Time for coffee and tea
Caffeine - A look at what makes up coffee
There are many compounds in coffee that are often thought to have implications upon human health; these include Caffeine, micronutrients, LDL cholesterol and chlorogenic acid.
One of the most well known compounds is coffee is Caffeine, and a picture of caffeine is shown below, the full name of this coffee constituent is 1, 3, 7- trimethylanthine and it is a purine alkaloid.
It is known that caffeine exerts most of its effects in coffee drinkers through the antagonism of subunits of an adenosine receptor. Adenosine has an inhibitory role in neuron-modulation; the consumption of coffee therefore leads to a stimulatory effect due to an increase in caffeine levels. Some of the physiological affects that consumption of caffeine is know to have included elevated blood pressure, an increase in ones metabolic rate and stimulation of the central nervous system.
One of the problems of analyzing the implications of caffeine in people who consume coffee is the differences in caffeine quantities in a typical cup of coffee; this can vary in range from 58 to 75 mg in a typical espresso, and from 70 to 130 mg in a small coffee of 200ml. There is also great variety from day to day in the caffeine levels in a standard coffee served at a typical coffee house; in fact it is possible that caffeine levels may be twice as high in a standard cup of coffee consumed today from the same type of coffee consumed the day earlier.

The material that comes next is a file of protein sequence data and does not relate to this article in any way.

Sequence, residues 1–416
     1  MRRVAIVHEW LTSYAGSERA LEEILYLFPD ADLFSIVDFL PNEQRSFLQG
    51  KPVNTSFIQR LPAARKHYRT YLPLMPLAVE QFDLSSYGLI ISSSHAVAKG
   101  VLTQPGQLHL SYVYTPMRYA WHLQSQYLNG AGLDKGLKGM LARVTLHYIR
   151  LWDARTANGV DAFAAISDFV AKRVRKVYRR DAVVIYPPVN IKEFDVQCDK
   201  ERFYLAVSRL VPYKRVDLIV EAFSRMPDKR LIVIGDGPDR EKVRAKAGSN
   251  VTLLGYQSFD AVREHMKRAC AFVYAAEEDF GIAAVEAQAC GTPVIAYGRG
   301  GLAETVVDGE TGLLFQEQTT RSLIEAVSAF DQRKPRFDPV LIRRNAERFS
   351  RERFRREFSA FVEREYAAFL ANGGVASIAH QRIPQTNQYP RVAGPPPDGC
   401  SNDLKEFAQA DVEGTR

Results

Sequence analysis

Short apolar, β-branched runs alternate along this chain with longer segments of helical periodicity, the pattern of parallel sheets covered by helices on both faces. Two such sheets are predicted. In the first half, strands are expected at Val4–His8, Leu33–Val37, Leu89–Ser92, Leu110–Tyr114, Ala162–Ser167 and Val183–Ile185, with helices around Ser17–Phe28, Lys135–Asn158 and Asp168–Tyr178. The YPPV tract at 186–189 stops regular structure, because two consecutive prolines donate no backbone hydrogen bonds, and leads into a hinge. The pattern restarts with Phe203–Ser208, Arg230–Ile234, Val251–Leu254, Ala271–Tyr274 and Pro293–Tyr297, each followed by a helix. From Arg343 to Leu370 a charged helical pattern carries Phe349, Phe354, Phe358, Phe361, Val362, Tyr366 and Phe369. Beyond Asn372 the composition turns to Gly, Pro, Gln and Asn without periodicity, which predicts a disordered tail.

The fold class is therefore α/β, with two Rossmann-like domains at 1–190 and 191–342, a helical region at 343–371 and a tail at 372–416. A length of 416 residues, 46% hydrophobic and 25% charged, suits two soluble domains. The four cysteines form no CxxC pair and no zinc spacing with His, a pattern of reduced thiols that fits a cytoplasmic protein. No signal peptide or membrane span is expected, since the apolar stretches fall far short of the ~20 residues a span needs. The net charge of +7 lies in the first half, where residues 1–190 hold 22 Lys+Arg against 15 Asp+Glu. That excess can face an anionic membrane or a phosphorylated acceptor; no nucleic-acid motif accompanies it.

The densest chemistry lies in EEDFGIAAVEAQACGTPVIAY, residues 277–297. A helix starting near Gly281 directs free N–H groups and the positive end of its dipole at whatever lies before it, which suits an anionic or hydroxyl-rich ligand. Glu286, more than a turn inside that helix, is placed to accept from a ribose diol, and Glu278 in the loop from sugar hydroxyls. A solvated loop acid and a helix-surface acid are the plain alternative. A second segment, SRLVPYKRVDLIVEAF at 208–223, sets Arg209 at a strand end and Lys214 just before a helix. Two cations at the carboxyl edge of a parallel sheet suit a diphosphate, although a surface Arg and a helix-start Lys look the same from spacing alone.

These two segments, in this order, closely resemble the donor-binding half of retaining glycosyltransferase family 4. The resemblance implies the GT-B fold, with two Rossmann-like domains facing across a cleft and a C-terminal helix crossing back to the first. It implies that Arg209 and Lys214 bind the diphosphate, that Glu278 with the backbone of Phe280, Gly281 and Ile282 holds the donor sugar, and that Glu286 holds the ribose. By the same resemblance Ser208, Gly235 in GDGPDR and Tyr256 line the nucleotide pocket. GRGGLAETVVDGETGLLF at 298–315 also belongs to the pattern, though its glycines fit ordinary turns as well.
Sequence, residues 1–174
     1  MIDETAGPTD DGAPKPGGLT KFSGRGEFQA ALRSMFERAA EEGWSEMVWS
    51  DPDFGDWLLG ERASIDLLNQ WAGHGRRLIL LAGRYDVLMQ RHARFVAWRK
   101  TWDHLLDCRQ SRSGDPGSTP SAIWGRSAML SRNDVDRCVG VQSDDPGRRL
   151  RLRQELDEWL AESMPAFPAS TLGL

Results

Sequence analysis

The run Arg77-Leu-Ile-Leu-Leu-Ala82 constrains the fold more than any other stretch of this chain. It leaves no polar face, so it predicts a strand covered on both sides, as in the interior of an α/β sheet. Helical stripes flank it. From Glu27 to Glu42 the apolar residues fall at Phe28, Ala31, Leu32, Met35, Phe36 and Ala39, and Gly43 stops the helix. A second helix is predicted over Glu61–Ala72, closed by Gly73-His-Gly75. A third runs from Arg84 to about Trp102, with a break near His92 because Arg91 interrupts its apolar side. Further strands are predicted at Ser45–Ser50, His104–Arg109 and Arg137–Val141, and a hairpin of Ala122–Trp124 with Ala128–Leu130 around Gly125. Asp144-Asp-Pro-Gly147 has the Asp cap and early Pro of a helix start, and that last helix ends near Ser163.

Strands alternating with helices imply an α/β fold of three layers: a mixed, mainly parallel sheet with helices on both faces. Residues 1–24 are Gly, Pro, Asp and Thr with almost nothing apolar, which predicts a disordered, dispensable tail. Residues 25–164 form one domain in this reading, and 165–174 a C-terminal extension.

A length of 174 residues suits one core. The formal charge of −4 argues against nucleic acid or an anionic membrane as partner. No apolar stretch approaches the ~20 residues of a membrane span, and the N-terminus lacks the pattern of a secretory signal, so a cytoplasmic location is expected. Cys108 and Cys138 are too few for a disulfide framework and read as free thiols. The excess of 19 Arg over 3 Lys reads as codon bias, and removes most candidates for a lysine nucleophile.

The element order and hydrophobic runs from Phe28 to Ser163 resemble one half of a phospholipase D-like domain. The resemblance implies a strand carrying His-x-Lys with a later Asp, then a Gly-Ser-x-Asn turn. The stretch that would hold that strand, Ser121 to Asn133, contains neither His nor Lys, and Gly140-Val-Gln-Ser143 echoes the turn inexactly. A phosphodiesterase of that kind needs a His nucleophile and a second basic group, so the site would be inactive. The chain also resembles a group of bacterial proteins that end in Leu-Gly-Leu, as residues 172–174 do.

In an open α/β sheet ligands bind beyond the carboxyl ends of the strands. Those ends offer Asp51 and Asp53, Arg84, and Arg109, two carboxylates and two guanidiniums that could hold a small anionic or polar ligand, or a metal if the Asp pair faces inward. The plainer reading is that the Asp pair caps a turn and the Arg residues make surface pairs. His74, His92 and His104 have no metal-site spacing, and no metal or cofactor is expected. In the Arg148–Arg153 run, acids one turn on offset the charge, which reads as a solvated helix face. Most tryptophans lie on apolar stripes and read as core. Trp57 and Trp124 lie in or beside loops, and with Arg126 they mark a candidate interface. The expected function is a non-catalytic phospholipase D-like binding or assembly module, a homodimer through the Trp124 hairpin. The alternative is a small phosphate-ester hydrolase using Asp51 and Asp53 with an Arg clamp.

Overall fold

Another main group of coffee constituents are the micronutrients; some of the main ones found in coffee include potassium, magnesium, vitamin E and niacin amongst others. A coffee typically provides between two and five percent of the recommended dose of magnesium and around two percent of the required potassium.
The consumption of coffee has often been associated with an increase LDL cholesterol in serum levels. However, this does not hold true in all cases. The reason for this is thought to be the brewing method used. In countries such as Sweden and Norway where coffee tends to be boiled the levels of LDL cholesterol concentration are increased, whereas in countries such as Italy and the USA where people tend to drink filtered coffee this increase in cholesterol levels is not as prominent. The main cholesterol raising substances in coffee are kahweol and cafestol. The reason that these diterpenes are present in boiled (up to 12mg per cup) but not as high in filtered coffees (around 0. 4mg per ml) is that they are removed by filtering mechanisms. A cup of espresso typically has an intermediate level of diterpenes as a consequence of the small serving size. It is known that the consumption of kahweol and cafestol leads to increased LDL cholesterol, this occurs due to an increase in cholesterol ester transfer protein activity.
Cafestol, a molecule linked to the inhibiting progressive Parkinson's disease is found in abundant amounts in brewed coffee image: by Wikimedia.
This important group of dietary phenols is produced when esters form between guinic and trans-cinnamic acids. Coffee is the major source of this dietary contributor, with a small cup having as much as 300 mg of chlorogenic acid. Around 65% of ingested chlorogenic acids are metabolized in the colon, and converted into caffeic and guinic acid. It is thought that both of these acids have antioxidant properties.
This section has introduced the compounds caffeine and chlorogenic acid, further details of how these affect health are available within this health section of time for coffee and tea.